A Medical Note On The Death Of Leonard Cohen


Leonard Cohen’s Death

Nine months after the event, I continue to receive questions about the cause of Leonard Cohen’s death. I am posting about two pertinent medical issues in hopes of resolving some of the confusion. Please be aware that this post reveals no facts about Leonard’s death that haven’t been previously published. Instead, I offer a physician’s take on the available information.

1. Leukemia, Coagulation Defects, and Falls

Prior to Leonard’s death, it was well known that he suffered from cancer (a fact most famously reported by David Remnick in the New Yorker), and since then, reports have been published that specified the diagnosis as leukemia.1

On Nov 16, 2017, Leonard’s manager, Robert Kory, issued a widely published statement2 about the cause of death:

Leonard Cohen died during his sleep following a fall in the middle of the night on Nov. 7. The death was sudden, unexpected and peaceful.

Much of the uncertainty in the queries sent my way arises from the misperception that a fall and leukemia are mutually exclusive causes of death. This is the viewpoint implicit in the opening lines of Leonard Cohen’s Cause of Death Revealed by Dave Lifton (Diffuser: November 17, 2016):

Although Leonard Cohen had been suffering from cancer, it was not the cause of his death last week. According to his manager, Robert B. Kory, it was the result of a fall he had recently suffered.

In reality, however, the explanation of Leonard’s death may well involve the combined effects of the fall and leukemia.

First, treatment for leukemia, as well as for pain or other symptoms of leukemia, may increase the risk of a fall.

More significantly, a common symptom of certain types of leukemia is faulty blood clotting, typically due to low levels of platelets although other issues can also be involved. Consequently, a fall could cause an internal hemorrhage that would ordinarily be stopped by normal coagulation before reaching dangerous levels, but in an individual with impaired clotting, bleeding from the same closed wound could continue relentlessly, leading to death, especially in the case of head trauma. In fact, Intracranial hemorrhage is the second leading cause of mortality in patients with one type of leukemia (acute myeloid leukemia).3

In summary, the most likely clinical interpretation of the presented data is that Leonard’s death was the consequence of bleeding which was immediately triggered by his fall and which continued unabated because of a coagulation defect, which was itself caused by leukemia.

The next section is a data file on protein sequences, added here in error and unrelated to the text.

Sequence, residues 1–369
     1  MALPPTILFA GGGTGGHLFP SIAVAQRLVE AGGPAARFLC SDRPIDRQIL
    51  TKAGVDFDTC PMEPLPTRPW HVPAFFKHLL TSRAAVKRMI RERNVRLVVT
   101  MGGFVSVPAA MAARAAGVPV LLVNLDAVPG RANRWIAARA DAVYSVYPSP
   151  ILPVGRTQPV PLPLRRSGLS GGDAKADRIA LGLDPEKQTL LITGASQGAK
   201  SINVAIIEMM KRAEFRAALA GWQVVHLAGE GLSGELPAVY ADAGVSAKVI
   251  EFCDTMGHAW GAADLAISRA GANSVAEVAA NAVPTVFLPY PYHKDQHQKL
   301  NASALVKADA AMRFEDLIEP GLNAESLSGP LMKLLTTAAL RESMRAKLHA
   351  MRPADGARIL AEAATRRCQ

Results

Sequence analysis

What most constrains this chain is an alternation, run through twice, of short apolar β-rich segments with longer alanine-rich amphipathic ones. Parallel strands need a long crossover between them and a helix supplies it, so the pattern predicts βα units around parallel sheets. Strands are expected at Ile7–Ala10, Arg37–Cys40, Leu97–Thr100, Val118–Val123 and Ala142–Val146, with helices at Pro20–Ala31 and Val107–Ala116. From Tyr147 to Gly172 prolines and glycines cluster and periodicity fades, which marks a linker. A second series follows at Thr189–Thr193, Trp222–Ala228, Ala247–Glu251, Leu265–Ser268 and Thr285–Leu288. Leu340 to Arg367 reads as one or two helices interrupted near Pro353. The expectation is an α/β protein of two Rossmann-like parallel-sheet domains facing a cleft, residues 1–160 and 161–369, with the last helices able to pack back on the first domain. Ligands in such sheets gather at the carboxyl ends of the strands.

2. No Heroic Measures

Some writers have questioned why no medical intervention was mentioned in the announcements of Leonard’s death.

It is not unusual for patients diagnosed with a terminal illness, especially those suffering physical deterioration, to stipulate in living wills or similar documents that no heroic measures or extraordinary life-sustaining treatment be implemented to avoid the coming of death. A typical provision of this sort follows:

If at any time I should have a terminal condition and my attending physician has determined that there can be no recovery from such condition and my death is imminent, where the application of life-prolonging procedures and “heroic measures” would serve only to artificially prolong the dying process, I direct that such procedures be withheld or withdrawn, and that I be permitted to die naturally.4

Given Leonard’s well-publicized statement, “I am ready to die. I hope it’s not too uncomfortable. That’s about it for me,”5 he may well have made similar arrangements. If so, a no heroic measures provision might have precluded a call for medical assistance.


Again, I want to emphasize that this post is a medical perspective on rather than an investigation of the events surrounding Leonard’s death. The key conclusion is simply that, while I have no definitive proof that the scenarios I’ve outlined are indeed what took place, they do represent reasonable, unstrained clinical explanations of the available information. If this seems anticlimactic, it’s because my personal belief is that the loss of Leonard Cohen was a tragedy, not a mystery.

  1. For example, in  I already knew Leonard Cohen was dead on Election Day (Slate: Nov 19, 2016), notes “The cause of his [Leonard Cohen’s] death was leukemia.” []
  2. E.g., in The New York Times []
  3. Prediction of fatal intracranial hemorrhage in patients with acute myeloid leukemia by C.-Y. Chen C.-H. Tai W. Tsay P.-Y. Chen H.-F. Tien (Annals of Oncology, Volume 20, Issue 6, 1 June 2009) []
  4. Source: Living Will []
  5. Leonard Cohen Makes It Darker, by David Remnick (New Yorker: Oct 17, 2016) []

Leonard Cohen Describes His Home On Hydra